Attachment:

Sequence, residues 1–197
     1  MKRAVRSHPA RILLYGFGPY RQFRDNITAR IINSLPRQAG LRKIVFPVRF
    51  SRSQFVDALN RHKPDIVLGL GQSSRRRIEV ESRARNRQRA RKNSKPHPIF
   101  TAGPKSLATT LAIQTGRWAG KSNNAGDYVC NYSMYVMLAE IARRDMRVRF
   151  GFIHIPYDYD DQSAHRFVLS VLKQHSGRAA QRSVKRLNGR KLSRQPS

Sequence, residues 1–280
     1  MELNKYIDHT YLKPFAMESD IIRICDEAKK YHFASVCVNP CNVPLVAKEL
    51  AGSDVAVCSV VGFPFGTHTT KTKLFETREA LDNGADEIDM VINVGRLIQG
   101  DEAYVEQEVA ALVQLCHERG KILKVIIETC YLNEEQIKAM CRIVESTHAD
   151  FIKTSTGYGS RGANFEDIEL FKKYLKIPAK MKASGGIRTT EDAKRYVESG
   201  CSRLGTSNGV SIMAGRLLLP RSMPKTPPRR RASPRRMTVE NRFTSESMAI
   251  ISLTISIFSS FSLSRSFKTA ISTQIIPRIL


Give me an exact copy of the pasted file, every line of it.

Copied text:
Sequence, residues 1–197
     1  MKRAVRSHPA RILLYGFGPY RQFRDNITAR IINSLPRQAG LRKIVFPVRF
    51  SRSQFVDALN RHKPDIVLGL GQSSRRRIEV ESRARNRQRA RKNSKPHPIF
   101  TAGPKSLATT LAIQTGRWAG KSNNAGDYVC NYSMYVMLAE IARRDMRVRF
   151  GFIHIPYDYD DQSAHRFVLS VLKQHSGRAA QRSVKRLNGR KLSRQPS

Sequence, residues 1–280
     1  MELNKYIDHT YLKPFAMESD IIRICDEAKK YHFASVCVNP CNVPLVAKEL
    51  AGSDVAVCSV VGFPFGTHTT KTKLFETREA LDNGADEIDM VINVGRLIQG
   101  DEAYVEQEVA ALVQLCHERG KILKVIIETC YLNEEQIKAM CRIVESTHAD
   151  FIKTSTGYGS RGANFEDIEL FKKYLKIPAK MKASGGIRTT EDAKRYVESG
   201  CSRLGTSNGV SIMAGRLLLP RSMPKTPPRR RASPRRMTVE NRFTSESMAI
   251  ISLTISIFSS FSLSRSFKTA ISTQIIPRIL